San José, Costa Rica, Wednesday 10  February  2010

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Mystery of Slow Drivers On San José - Caldera Highway Solved

Driving at 40 km/h per hour on a 80 km/h on the new San José - Caldera highway has been the topic of discussion around the watering holes, the blogs and this media. 

It is inconceivable to see some any slow drivers on a new and modern highway, a highway that is conducive to driving faster than the posted speed limits.

At first I thought it had to be because of the beautiful scenic views offered at various points along the highway. 

For the first time, Costa Ricans were able to see a part of their country that had been hidden from them, due to lack of access, thus, driving slowly allows one to take in the beauty of nature.

Another reason for the slow driving, maybe, could be "let's not destroy the paving of this beautiful road" by driving too fast. It stands to reason that driving fast on a newly paved road will wear it out faster.

Hey, it makes sense, don't knock it.

Ok, maybe not.

So, what could be the reason for all the slow drivers?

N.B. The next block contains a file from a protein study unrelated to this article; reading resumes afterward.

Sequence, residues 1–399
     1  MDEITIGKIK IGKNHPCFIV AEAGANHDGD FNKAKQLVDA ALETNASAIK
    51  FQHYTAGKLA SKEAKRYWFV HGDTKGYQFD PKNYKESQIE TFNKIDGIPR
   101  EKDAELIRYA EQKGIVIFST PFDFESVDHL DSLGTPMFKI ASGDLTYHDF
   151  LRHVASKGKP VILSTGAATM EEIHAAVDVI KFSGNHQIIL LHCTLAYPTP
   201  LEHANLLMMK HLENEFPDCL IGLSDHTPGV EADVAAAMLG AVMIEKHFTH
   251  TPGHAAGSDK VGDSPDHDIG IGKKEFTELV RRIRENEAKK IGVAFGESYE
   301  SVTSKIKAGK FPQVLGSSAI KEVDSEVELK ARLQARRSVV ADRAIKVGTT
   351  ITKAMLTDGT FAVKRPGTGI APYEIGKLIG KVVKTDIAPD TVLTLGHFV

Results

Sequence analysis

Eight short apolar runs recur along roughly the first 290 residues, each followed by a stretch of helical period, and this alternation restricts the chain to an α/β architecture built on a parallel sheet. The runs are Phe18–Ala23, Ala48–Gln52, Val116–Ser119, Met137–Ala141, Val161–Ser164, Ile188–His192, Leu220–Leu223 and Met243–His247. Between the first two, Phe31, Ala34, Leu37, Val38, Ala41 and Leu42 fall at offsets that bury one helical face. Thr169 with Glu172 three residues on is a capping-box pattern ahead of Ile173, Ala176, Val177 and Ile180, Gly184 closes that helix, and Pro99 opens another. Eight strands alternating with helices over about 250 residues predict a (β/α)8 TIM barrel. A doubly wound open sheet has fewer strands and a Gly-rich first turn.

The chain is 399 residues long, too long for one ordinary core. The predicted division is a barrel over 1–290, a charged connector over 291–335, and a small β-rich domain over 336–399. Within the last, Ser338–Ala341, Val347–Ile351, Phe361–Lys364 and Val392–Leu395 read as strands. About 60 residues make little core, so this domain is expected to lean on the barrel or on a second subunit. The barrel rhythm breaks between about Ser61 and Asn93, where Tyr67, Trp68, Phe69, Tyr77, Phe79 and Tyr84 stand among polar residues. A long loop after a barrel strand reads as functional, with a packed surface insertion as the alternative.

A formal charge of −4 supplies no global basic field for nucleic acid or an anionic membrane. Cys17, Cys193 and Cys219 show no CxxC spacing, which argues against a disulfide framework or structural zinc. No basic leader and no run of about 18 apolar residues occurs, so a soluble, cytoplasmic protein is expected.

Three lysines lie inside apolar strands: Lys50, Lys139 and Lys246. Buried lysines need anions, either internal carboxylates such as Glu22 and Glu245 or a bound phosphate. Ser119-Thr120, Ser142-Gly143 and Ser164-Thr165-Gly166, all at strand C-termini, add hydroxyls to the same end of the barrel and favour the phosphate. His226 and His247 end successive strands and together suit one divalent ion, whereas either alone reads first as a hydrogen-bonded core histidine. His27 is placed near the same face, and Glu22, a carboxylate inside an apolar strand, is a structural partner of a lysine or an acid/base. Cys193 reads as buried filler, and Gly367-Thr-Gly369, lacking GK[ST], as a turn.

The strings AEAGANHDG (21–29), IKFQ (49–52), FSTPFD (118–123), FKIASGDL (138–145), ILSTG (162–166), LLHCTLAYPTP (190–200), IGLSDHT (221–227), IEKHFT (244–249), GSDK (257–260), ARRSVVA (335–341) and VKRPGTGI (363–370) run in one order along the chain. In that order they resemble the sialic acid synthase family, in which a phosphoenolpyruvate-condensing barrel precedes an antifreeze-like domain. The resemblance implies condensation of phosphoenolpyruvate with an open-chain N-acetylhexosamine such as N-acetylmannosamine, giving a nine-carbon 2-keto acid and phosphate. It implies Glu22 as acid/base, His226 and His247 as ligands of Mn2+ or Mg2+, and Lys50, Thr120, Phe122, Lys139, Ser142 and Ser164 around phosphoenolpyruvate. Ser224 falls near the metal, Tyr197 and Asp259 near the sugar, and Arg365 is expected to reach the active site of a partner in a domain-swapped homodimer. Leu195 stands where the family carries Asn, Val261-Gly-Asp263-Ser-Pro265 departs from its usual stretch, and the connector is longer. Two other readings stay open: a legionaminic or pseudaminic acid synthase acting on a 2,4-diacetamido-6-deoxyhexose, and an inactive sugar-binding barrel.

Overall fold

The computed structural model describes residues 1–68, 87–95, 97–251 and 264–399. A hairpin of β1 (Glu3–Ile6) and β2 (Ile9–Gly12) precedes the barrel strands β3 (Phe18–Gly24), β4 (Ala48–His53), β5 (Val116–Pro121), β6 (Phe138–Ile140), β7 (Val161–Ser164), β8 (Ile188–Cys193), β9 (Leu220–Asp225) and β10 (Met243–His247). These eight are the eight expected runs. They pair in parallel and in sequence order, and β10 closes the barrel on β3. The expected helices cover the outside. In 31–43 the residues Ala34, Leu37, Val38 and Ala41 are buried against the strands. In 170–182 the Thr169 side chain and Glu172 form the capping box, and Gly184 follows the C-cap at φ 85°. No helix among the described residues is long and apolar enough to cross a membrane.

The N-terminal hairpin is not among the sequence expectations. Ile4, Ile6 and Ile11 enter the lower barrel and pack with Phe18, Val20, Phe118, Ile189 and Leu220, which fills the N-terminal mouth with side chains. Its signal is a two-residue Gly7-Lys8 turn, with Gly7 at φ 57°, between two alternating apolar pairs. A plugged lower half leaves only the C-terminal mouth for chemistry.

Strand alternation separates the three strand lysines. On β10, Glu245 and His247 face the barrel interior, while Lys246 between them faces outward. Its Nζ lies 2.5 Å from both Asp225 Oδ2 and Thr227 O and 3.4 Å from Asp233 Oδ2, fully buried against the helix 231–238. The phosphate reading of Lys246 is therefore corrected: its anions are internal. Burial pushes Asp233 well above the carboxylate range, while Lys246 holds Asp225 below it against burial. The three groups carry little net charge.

Ah, alas the mystery was solved. It is a new traffic sign that has never been seen in Costa Rica before, a sign that says "Velocidad Minima" (Minimum Speed).

Yup, Costa Ricans just aren't used to be told how slow they can go. After all that would be a breach of a right of all Costa Ricans to be denied the right to go as slow as they want, on any highway, and to block traffic as they like.

No, this sign tells them that they have to be moving faster and then, another sign, tells slow traffic to move to the right. What is this country coming to?

The "minimum speed" sign is new in Costa Rica, making its first appearance on the new highway.

I would suggest that if the MOPT - the transportation experts in Costa Rica - really want to reduce the congestion, mainly caused by the slow speeders, remove the minimum speed signs and put on more the sing "multa for velocidad temeraria" signs on the General Cañas ( San José - Alajuela) highway watch the Yatzu's do their thing.

Tomorrow, some inside tips on driving the new highway.

Enrico Cacciatore








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